Ray Sansom strode past the Choctaw High cheerleaders and his noisy admirers, a humble hometown hero glowing amid all the accolades.
It was Nov. 13 — five days before Sansom would become speaker of the Florida House, and the Okaloosa County Fairgrounds was packed with 500 people. They wore "Congratulations Ray!" stickers and waved flags. They ate barbecue and banana pudding.
"I hope that after these two years — these tough two years — that you will still welcome me back," Sansom said to laughter, before giving thanks to the "rock" and "foundation" of the close-knit Panhandle.
The scene, captured in a Northwest Florida Daily News video, conveys deep warmth and great expectations. Rep. Ray Sansom was, in every sense, a man in full.
But the celebration contained elements of his undoing.
There's a glimpse of Sansom embracing a joyous Bob Richburg, the president of Northwest Florida State College, who hired Sansom to a controversial six-figure job on the same day he became speaker.
Picking up part of the tab was Jay Odom, the developer whose private jet operation is the focus of a storm over a $6 million taxpayer-funded building Sansom secured for the college.
Two months later, the cheers have turned to silence and Sansom's political career is in jeopardy. He stepped aside from the position Friday to deal with a grand jury investigation and ethics inquiries. He insists he did nothing wrong.
The controversy has left a permanent mark, and nowhere does it hurt Sansom more than in Okaloosa County.
"Our community is confused and hurt today," said state Sen. Don Gaetz, R-Niceville, a longtime ally who spoke with Sansom on Friday and described him as apologetic.
"Ray Sansom was the Boy Scout of Northwest Florida, the decent, humble guy from next door who rose to the top of Florida politics in all the right ways, for all the right reasons," Gaetz continued. "It hurts to see someone who you've known and cared for and voted for, as this community has time and time again, now be the first presiding officer in anyone's modern history to have to step aside. This is our friend."
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The Sansom narrative is almost literary — a hardworking, self-effacing small town boy who made it big.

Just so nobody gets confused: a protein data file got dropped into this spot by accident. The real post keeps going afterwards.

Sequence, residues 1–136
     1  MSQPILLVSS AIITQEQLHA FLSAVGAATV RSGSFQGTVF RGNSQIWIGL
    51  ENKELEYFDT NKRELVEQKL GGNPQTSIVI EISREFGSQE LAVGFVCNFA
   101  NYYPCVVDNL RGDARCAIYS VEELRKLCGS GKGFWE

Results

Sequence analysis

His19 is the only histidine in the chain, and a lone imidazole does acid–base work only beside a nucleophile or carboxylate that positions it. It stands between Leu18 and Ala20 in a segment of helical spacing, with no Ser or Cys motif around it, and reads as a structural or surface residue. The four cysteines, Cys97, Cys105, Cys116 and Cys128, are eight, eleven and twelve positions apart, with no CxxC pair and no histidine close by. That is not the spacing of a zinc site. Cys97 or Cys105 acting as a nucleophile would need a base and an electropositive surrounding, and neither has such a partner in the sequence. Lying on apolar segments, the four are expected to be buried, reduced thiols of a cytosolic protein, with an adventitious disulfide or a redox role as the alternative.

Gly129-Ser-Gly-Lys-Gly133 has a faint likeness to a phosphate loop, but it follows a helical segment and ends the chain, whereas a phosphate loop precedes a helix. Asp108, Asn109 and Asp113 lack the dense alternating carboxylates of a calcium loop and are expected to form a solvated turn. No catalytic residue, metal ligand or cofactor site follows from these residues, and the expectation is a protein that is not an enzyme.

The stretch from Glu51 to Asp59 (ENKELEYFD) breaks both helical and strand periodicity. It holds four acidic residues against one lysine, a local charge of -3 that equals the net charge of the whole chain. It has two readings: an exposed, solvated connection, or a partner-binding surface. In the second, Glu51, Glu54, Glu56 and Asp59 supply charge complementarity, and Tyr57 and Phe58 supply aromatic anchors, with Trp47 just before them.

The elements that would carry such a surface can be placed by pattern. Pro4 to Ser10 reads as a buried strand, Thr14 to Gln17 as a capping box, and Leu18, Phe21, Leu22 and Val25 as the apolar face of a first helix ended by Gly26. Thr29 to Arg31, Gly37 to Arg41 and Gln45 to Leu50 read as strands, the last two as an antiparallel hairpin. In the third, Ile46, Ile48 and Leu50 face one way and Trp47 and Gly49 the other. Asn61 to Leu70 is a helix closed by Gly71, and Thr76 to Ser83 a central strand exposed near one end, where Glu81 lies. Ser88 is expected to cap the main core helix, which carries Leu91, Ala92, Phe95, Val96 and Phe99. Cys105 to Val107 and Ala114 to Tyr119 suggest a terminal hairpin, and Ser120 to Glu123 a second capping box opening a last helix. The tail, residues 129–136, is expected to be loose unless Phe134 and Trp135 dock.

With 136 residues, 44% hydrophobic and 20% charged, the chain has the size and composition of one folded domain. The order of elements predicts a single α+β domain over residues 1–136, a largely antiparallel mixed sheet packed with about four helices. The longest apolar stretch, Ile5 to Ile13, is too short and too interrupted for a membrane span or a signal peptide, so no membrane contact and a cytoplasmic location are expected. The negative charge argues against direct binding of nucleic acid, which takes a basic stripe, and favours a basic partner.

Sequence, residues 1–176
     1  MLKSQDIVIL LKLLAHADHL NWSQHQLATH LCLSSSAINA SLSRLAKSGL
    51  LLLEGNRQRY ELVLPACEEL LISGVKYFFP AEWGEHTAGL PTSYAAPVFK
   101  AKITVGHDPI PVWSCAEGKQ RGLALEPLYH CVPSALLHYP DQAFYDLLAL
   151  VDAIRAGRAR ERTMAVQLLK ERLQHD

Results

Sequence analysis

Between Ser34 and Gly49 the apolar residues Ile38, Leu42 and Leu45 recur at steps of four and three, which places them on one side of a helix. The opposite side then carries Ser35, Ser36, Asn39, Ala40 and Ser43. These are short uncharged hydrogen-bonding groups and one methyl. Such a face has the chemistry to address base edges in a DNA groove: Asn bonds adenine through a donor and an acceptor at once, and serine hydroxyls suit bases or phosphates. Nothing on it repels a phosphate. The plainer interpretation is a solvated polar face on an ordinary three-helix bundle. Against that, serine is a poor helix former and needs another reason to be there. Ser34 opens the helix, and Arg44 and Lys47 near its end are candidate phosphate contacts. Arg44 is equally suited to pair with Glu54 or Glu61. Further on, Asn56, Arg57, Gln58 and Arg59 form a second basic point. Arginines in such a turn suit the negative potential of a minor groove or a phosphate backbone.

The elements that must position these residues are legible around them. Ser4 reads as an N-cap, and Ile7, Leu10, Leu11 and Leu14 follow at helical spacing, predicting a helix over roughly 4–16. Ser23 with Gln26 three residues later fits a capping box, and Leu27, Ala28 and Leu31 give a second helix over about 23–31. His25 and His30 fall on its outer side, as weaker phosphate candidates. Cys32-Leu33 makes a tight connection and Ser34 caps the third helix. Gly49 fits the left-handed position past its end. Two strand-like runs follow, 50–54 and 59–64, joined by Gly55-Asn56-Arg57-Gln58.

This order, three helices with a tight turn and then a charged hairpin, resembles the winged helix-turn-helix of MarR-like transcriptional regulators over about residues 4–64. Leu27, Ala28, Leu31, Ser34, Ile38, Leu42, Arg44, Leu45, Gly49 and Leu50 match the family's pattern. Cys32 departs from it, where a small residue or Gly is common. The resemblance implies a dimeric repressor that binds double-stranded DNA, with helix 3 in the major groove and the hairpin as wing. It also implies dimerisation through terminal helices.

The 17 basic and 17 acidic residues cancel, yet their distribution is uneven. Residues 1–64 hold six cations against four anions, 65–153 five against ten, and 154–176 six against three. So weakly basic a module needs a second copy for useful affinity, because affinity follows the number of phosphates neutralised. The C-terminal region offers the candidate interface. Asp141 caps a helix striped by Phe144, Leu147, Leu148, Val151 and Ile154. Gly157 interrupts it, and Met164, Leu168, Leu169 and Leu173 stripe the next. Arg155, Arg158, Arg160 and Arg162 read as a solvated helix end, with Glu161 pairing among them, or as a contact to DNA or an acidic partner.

He grew up as the youngest of six children, the son of a Baptist minister who also sold furniture. He is a native of rural Alabama who attended one of the area's few integrated schools in the late 1960s. He spent the rest of his childhood in Fort Walton Beach. His family did not have much money and lived in a rented home, according to a recent profile in Emerald Coast magazine.
Sansom met his future wife, Tricia, in the fourth grade. "I sent her a note that said 'I like you. Do you like me? Check yes or no,' " he recounted in a March 2007 speech. He said she checked yes and sent the note back, adding: " 'P.S. — Ray, you're ugly.' That is absolutely the truth. But I like a challenge. We eventually got together in the 10th grade, and we've been together ever since."
The couple now has three daughters, one in college, and lives in a nice but not ritzy neighborhood in Destin.
"It's like a Norman Rockwell family," said Ted Corcoran, president of the Greater Fort Walton Beach Chamber of Commerce, which arranged the fete for Sansom at the fairgrounds. They displayed a map of Florida depicting the Panhandle as much larger than the rest of the state, a jab at those who view the region as a stepchild.
A Baptist, Sansom, 46, does not drink and has discouraged the use of alcohol at Republican functions. He has a long history of political activism. He served as a legislative aide in the late 1980s and was a member of the Okaloosa County Commission from 1992 to 2000.
Sansom first ran for the Legislature in 2000 against longtime Republican incumbent Jerry Melvin, and lost by 53 votes. Two of his first political contributors were Gaetz and Odom. Two years later, Sansom won.
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Sansom had emerged improbably from a small group of legislators seeking the speaker's job. He had proven his mettle working on a complicated school funding formula and simply locked in more support than the others.
The promise of that unlikely quest for an unassuming Panhandle politician was realized on a Monday afternoon in March 2007. The House chamber was filled with enthusiasm and hope as Sansom's Republican colleagues formally designated him as speaker for the 2008-10 term.
Sansom's wife and daughters, Jessica, Carlee and Julia, looked on along with Gov. Charlie Crist and senators as speaker after speaker showered Sansom with praise.
The speaker-to-be sat at a front-row aisle seat as his colleagues spoke glowingly about him, even if they did occasionally mispronounce his name as "Sampson."
For his part, Sansom joked about how quickly legislative leaders pass into obscurity. "It won't be long before I'll be 'Ray who?' and I'll be sitting in the corner over there," he said.
Staff writer Alex Leary can be reached at firstname.lastname@example.org or (850) 224-7263.